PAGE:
1.5% is the FRA max grade. Anything higher needs a waiver, and waivers are usually only granted in very specific cases like a fixed bridge replacing a movable bridge (all of the T's over-grade inclines were on former movable bridges). 1% is the recommended grade.

You only need to rise ~18 feet (16 for the physical structure over the roadway, up to +2 for decking/ballast) above Pike grade to overpass the highway and meet Interstate highway vertical clearances.
 

F-Line to Dudley

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Also I'm thinking the West Station platforms for the GJ (if passenger service runs on it in the future) could be a few feet higher than the platforms for the Worcester branch, thus providing a bit more room for the ramp up to the GJ viaduct I'm proposing.
They have to be at the same level because all of the West platforms are on the mainline. The tracks tie in beforehand, and there's a quick set of pick-a-platform crossovers for changing tracks...so it all has to be at the same level. Now...West itself is a godawful mess of a design that needs a ton of finishing work before it's ready for prime time. Its layout is self-alienating from its surroundings, the mission statement on the attached (and ever shrinking) storage yard is completely incoherent, the busway-on-stilts is ludicrously overcomplicated, and the platform setup is excessive for the services that would actually use it (as well as taking a giant punt on whether the GJ itself has the capacity to run the Purple Line shuttle they envision on it, because that *still* has not been studied well enough to be proven). The 'throat' saga has simply created a giant singularity time-and-resource suck that prevents any further refining work on those troubleshoots.

So unfortunately any 'throat' fix that has direct dependencies on West Station design changes ends up swimming in quicksand, because the planning process for all of Beacon Park has become completely factionalized to its constituent parts with little overall coordination. And the 'throat' has taken everything else with unanswered questions--the transit accommodations, the street grid, the resultant developable slabs--hostage the more bogged down it gets on trying to reach a final decision. It's not going to get any less bogged down by increasing its complexity with other design dependencies like West's layout/elevation. You're best off by far drawing a project limits for the Grand Junction's elevation interface at those leading crossovers, and treating the West debugging as a whole separate project area.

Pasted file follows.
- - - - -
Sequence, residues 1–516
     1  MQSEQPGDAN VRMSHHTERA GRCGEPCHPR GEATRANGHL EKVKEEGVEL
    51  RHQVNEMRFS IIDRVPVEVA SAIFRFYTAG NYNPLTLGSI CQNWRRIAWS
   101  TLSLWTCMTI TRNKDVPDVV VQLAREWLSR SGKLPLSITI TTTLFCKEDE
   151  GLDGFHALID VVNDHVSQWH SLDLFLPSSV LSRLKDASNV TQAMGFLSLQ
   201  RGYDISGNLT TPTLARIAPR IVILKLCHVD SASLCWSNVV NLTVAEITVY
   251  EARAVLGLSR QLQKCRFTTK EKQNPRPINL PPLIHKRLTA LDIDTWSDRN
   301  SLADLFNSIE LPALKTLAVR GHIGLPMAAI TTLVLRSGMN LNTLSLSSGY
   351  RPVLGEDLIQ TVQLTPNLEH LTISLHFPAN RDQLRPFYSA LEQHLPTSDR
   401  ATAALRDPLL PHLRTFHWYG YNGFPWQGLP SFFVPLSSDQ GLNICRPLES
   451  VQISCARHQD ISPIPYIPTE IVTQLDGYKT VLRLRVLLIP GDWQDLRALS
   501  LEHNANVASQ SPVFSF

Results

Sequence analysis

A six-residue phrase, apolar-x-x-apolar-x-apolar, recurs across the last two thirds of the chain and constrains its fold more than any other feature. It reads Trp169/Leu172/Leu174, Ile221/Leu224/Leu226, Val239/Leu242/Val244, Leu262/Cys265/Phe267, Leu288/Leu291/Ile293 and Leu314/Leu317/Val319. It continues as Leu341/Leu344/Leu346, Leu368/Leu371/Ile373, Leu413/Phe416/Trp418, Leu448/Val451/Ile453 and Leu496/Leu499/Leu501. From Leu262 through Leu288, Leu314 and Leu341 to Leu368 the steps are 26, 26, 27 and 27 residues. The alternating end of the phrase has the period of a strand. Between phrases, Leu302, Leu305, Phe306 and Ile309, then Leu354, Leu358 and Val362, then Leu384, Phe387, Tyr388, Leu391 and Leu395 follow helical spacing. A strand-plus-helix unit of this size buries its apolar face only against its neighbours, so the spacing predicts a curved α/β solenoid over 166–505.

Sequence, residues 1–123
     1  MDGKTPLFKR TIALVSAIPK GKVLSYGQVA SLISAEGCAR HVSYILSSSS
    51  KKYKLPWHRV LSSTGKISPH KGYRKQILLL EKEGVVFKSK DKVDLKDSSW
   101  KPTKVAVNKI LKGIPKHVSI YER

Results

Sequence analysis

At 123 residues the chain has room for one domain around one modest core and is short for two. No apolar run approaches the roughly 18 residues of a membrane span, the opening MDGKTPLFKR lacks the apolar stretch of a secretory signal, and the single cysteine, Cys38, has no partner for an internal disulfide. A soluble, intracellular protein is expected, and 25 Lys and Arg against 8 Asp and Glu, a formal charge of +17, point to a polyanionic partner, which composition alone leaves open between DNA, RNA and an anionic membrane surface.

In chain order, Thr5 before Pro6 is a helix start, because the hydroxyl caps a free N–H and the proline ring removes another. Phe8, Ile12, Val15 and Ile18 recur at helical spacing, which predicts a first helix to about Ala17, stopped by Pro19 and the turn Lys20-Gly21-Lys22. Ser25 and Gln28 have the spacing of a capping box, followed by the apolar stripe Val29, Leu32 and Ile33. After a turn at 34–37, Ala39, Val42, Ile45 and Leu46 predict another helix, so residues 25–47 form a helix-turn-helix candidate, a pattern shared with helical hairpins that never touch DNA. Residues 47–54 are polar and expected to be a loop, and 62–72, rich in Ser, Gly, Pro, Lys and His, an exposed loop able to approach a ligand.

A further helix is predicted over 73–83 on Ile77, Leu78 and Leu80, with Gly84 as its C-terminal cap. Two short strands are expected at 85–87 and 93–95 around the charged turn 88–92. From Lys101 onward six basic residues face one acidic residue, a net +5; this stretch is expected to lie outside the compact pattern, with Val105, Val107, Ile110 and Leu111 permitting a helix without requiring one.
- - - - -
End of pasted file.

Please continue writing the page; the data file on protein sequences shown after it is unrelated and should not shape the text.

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Stlin

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1.5% is the FRA max grade. Anything higher needs a waiver, and waivers are usually only granted in very specific cases like a fixed bridge replacing a movable bridge (all of the T's over-grade inclines were on former movable bridges). 1% is the recommended grade.

You only need to rise ~18 feet (16 for the physical structure over the roadway, up to +2 for decking/ballast) above Pike grade to overpass the highway and meet Interstate highway vertical clearances.
16 ft feels low for me if we're stacking the tracks - I don't have a table in front of me, but as I recall the Worcester Main here is Plate C, 15'6" bilevel, then figure another 2-3 feet for electrification... I think you'd need about 19ft of vertical clearance, +2 for decking. That's just about perfectly 1.5% grade, which admittedly might be a touch tough coming out from a dead stop @ West.
 

BostonTrainGuy

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What's the grade of the present GJ? It looks like a pretty good grade climbing up to the bridge now.

I suppose at this point West Station could be moved a bit west to accommodate any needed running room to the viaduct.
 

F-Line to Dudley

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16 ft feels low for me if we're stacking the tracks - I don't have a table in front of me, but as I recall the Worcester Main here is Plate C, 15'6" bilevel, then figure another 2-3 feet for electrification... I think you'd need about 19ft of vertical clearance, +2 for decking. That's just about perfectly 1.5% grade, which admittedly might be a touch tough coming out from a dead stop @ West.